A Common Dilemma: Results that Reflect Badly On Community
It is not uncommon for results of research to reflect badly on a community. Has your partnership encountered examples of research that might be like this?
Studies might find, for example, that a particular community has an elevated rate of crime or gang violence. A community might be discovered to have high rates of chemical contamination, thus potentially reducing the market value of the homes of people living in that community. Parents might be shown in a study to be uninterested in the schools or uninvolved in their children’s educations. A study might find high rates of corruption in the public sector. In short, there are many different findings that could come out of research that could reflect badly on a community, be it a community defined by geographical boundaries, ethnic links, religious bonds, or something else.
Because studies tend to be problem-focused, it should not be surprising that they often have bad news to share or present a community in a negative light. But what do we do about this?
First, it is important to realize that this problem of “bad news” is far from limited to communities. Right now there is a movement afoot among the editors of medical journals, to require that all drug trials being carried out by pharmaceutical companies and other groups be registered. Such a step will reduce the likelihood that companies won’t report the results from drug trials when those studies don’t show positive effects for the drug being tested. So, communities are not alone in being concerned about results that reflect badly on them.
So, what do partnerships do when results do reflect badly on the group being studies? The Massachusetts AFL-CIO statement on research partnerships, for example, says that they would not attempt to suppress data nor would they agree to participate in any research in which the company could have final say on the interpretation of the data or whether the data were made public.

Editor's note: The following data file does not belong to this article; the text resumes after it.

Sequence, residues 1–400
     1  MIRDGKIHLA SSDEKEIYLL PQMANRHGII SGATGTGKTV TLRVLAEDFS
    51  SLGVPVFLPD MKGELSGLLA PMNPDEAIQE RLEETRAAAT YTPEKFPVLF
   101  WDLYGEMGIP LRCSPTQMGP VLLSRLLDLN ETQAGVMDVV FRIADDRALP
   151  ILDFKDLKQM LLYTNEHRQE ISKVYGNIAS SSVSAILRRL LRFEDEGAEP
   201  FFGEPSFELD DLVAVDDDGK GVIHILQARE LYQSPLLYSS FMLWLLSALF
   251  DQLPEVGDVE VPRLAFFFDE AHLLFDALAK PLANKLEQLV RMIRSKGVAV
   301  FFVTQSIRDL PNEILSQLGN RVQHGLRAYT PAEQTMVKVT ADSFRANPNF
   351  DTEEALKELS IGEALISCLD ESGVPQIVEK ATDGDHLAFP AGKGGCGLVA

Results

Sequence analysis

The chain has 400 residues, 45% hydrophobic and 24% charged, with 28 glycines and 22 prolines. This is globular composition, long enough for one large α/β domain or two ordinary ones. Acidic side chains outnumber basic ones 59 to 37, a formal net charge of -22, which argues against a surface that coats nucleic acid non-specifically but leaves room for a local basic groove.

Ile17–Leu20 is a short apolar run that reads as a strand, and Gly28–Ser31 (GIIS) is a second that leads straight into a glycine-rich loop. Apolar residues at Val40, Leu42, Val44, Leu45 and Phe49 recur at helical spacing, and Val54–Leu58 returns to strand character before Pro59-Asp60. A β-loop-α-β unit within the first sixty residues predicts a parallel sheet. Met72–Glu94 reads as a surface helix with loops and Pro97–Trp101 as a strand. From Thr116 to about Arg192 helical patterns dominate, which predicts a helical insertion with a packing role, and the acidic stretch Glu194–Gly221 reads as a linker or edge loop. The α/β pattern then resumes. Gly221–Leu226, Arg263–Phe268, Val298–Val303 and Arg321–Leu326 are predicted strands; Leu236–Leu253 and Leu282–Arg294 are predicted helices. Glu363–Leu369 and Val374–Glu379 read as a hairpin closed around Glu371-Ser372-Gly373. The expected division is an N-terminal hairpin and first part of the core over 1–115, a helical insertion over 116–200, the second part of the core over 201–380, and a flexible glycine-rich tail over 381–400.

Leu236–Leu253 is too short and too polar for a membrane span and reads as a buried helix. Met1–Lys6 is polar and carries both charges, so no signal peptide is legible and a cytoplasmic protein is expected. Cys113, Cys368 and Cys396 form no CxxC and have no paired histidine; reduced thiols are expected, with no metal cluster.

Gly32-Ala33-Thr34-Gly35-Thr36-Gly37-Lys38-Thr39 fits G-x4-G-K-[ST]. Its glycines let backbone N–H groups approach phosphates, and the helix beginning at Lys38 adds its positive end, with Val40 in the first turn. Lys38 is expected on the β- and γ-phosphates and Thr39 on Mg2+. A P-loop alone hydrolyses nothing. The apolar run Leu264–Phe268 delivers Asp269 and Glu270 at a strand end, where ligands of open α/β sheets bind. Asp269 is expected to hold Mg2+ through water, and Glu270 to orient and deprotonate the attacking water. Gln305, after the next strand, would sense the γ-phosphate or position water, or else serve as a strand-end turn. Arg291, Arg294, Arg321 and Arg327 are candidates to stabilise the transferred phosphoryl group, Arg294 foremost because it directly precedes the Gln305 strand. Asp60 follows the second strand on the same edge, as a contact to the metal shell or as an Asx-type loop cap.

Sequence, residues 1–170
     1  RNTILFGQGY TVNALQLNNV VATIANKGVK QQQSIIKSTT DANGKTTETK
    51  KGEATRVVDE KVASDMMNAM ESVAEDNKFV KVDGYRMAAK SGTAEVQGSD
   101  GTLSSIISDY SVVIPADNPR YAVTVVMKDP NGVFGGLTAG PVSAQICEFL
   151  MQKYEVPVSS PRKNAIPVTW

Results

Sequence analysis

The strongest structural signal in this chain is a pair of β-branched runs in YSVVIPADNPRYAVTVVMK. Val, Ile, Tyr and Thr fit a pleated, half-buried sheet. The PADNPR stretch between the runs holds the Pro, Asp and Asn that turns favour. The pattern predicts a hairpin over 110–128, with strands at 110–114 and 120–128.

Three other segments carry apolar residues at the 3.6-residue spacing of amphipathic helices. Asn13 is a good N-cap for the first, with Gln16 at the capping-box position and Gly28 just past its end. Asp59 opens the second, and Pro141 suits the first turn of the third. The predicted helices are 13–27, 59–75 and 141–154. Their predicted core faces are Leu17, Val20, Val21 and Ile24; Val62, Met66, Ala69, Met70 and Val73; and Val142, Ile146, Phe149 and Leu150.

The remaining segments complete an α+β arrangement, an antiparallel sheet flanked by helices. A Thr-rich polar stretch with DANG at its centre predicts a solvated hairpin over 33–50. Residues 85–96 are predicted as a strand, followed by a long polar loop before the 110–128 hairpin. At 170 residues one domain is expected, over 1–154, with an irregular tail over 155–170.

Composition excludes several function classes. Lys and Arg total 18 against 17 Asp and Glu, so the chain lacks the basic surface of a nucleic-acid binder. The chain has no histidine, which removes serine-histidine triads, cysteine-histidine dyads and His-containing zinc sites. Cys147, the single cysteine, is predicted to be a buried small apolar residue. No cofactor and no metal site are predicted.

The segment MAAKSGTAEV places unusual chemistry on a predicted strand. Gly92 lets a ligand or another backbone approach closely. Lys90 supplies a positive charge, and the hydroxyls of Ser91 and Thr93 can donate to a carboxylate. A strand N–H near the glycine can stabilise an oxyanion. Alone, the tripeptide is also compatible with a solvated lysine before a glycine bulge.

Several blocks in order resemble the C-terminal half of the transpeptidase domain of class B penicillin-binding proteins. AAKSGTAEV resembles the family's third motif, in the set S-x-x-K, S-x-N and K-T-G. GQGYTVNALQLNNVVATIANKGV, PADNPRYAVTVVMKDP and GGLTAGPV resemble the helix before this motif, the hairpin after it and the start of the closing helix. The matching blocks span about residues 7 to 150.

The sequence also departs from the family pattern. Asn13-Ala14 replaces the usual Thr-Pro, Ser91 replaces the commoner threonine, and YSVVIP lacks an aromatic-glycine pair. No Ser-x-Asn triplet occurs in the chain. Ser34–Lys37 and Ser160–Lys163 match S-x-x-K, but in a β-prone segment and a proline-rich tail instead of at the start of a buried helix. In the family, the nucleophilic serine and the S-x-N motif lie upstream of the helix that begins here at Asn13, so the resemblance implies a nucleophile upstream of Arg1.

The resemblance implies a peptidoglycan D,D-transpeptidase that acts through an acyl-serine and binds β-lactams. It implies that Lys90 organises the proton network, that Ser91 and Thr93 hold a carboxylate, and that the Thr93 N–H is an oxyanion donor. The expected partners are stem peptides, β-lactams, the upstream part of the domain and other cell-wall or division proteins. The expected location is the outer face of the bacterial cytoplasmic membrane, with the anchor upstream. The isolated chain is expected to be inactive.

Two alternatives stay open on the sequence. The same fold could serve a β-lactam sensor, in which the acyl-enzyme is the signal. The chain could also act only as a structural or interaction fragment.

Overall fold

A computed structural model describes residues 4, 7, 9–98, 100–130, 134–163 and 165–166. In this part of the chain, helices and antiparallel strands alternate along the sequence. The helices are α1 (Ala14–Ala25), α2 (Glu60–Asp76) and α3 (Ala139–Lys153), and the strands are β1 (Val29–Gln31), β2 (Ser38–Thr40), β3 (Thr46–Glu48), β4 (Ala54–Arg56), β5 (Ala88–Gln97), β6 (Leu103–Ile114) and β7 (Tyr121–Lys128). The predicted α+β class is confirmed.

What partnerships are thinking about at this point in time is inventive ways to involve all partners—well before any data are collected—in thinking through what the results might look like and how those results could be used? A couple of considerations:
How would you overcome the obstacle of most partners having too little time? Talking about what the data would look like takes time. What strategies would you use?
Would you tie “next steps” to these discussions? In other words, would you consider facilitating a discussion in which partners were asked to think about the data in terms of how they would use them rather than merely in terms of what they said about the level of a problem?
Back to the Issue of Who Starts the Partnership
We are discussing here the difficult dilemma of findings that reflect badly on a community. But, earlier in the workshop we shared materials about WEACT. WEACT in Harlem, New York very much wanted to understand the level of the environmental health problems that existed in their neighborhoods. WEACT was, in effect, seeking to learn more about a problem that existed in the neighborhoods and was affecting the health of children.
One might look at this example and see that the information collected to reflect badly on the community. But, we may be missing something in that interpretation. Think a bit about the fact that is was community leaders who, in effect, started the partnership. They sought out the researchers. They (the community leaders) were focused on creating a plan for change.
Partnerships are starting to give consideration to the possibility that who starts the partnership may be important in terms of responses to the data and uses to which the data are put.